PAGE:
The Asian Overland Research Trip – Week 7 – From China with love Back to News List

By Mick McDonald

We have forgotten what week it is as we farewelled the wonderful Laos, the 3 hour ride to the border, with the obligatory flat tyre, was a fitting way to end our time in Laos as it was yet another scenic overload over the final mountain ranges into China

The border itself was an absolute classic, a confusing mess of dirt tracks choked with lumbering trucks, confused car drivers and not a sign anywhere as to where the border actually was;  China are frantically building something, though we couldn’t work out what, hence we jockeyed with at least 50 dump trucks, earthmoving equipment and work site vehicles as they charged around turning the dust laden skies into something akin to Apocalypse Now!! 

It must be said we harboured a few anxieties about the legendary difficulties on getting your own vehicle into China where in actual fact it was a relatively painless process, made all that easier by our contracted Chinese guide, the effervescent Bing.

Riding away from the border, into China, was a special moment but we had some more silliness to attend to in the next town; we had to get a Chinese driver’s licence and Chinese plates for the car. First stop was the local health authority where one must get a certificate declaring that you are fit enough to drive the car, they must have thought Sarah & I looked fit enough and gave us the required certificate without any health checks, in fact they barely raised their eyebrows from behind their desks. Next health check was for the car at the Traffic Police Vehicle Inspection Centre. The car was brake tested, where a local jumped in, floored the accelerator raced along for 20ft then slammed on the brakes, brake test done! A quick headlight check and it was announced our vehicle had passed. Bing collected our pre made licenses and plate number and the silliness ended there, we were free to drive off and explore China.

China is without doubt one of the construction powerhouses of the world, yet we were determined to get off the beaten track, away from the construction boom and into the Chinese backcountry. We quickly found some stunning narrow backroads that wound their way through ancient tea trees along an equally ancient route known as the Tea Horse Route, as important as the Silk Road but virtually unknown. We were in minority country and the people were simply amazing. We sipped 12-year-old tea plucked from 1000-year-old tea trees in a tiny homemade restaurant where all the ladies wished to do was to enthusiastically educate us about the different types of teas they had produced, refusing to take a yuan for the tea they plied us with. Restaurateurs apologised that they had no chicken on the menu because they couldn’t catch the chicken that day and ladies sorting tea at a tea factory invited us in for a drink, we got the feeling they didn’t see too many foreigners out that way. 

We ended an amazing first full day in China watching a local dance group in front of the Jaincheng Museum as the sun went down, locals kids posed for photos with us and the restaurant owner, where we had dinner, only charged us half price, day 1 in China had been astounding & a total revelation, we were salivating for what lay ahead.

The following day saw us cross more very remote mountain ranges on single lane roads that seem as far away from the construction boom as is the moon, it’s been a long time since any graders of repair crews had ventured this far off the freeways!! We arrived at the UNESCO listed Yuanjang Rice Terraces, a breathtaking landscape of water and rice filled terraces stacked on top of each other as they towered into the mountains that stood all around. The traditional Hani peoples have farmed this area continuously for 1400 years! We could not think of a more epic Chinese sight and the setting sun reflecting off some of the terraces only added to what had been an amazing day.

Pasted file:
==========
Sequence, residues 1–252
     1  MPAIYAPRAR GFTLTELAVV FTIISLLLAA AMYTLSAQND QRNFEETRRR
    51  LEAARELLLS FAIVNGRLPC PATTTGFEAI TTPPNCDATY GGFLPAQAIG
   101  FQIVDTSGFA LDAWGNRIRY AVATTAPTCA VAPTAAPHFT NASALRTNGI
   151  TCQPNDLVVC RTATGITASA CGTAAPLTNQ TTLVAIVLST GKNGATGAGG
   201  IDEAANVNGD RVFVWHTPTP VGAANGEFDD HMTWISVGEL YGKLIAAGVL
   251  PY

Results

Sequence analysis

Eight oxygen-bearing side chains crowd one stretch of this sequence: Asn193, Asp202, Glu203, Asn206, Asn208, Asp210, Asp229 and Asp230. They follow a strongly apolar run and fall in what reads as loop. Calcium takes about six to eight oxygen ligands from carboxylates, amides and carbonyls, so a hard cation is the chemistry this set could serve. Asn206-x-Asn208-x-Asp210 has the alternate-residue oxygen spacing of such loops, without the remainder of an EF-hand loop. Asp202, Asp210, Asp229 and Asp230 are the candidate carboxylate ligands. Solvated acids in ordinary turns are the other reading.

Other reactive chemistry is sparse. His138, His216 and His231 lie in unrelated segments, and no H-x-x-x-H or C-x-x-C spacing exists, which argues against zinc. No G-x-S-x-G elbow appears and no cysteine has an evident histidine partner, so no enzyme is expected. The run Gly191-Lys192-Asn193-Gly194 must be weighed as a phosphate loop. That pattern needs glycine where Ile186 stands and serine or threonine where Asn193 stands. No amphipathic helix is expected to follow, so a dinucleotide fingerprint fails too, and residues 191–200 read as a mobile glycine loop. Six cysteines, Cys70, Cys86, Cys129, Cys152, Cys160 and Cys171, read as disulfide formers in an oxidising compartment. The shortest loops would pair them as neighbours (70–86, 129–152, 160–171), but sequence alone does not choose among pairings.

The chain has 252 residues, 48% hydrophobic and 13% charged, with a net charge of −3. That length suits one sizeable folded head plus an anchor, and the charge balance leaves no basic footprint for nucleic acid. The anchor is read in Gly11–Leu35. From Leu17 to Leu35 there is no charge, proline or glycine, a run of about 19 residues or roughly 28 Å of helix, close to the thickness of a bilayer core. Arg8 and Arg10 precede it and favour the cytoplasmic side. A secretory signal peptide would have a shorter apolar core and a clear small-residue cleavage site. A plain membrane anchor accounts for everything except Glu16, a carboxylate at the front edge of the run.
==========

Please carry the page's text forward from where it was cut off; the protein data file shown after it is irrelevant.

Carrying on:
Crossing the Tropic of Cancer, at Mojiang, a city that has the curious reputation of having more twins being born there than anywhere else in China, we continued onto the ancient city of Lijiang. We spent the evening exploring this astounding ancient city, as it is known throughout China, laden with centuries old buildings, tight laneways, beautiful canals and iconic Chinese buildings, it really was a sight that was almost impossible to take in, simply stunning and justifies the decision to spend 2 nights there on the 2020 Asian Overland Expedition.

Our final day this week brings to an end of our first week in China, we dragged ourselves away from Lijiang and the Panda channel on TV in our hotel, you guessed it 24/7 non stop Panda bear TV, nothing but pandas, no commentary, no David Attenborough quality documentaries just Pandas, it was strangely fixating.

We quickly started to ascend and it wasn’t too long before we found ourselves riding though a narrow fissure of rock known as Tiger Leaping Gorge, China’s deepest gorge, and an utterly breathtaking sight. We rode the 20ks along a narrow winding pass with the river roaring below and the canyon walls towering above, it was simply astounding, and it remained that way for the remainder of the day as we crossed pass after pass with towering snow-capped peaks looming high about as we reached our destination of Shangri – La at 3400mt

What a week this has been, our first in China, we can’t wait for the next 4 weeks in China if the first one was anything to go by. All preconceptions had been blown out the window, China truly defies any reasonable attempts to describe it.

You can follow our journey via our spot tracker link:

To find out more or to join us on next years Asian Overland Expedition please visit:
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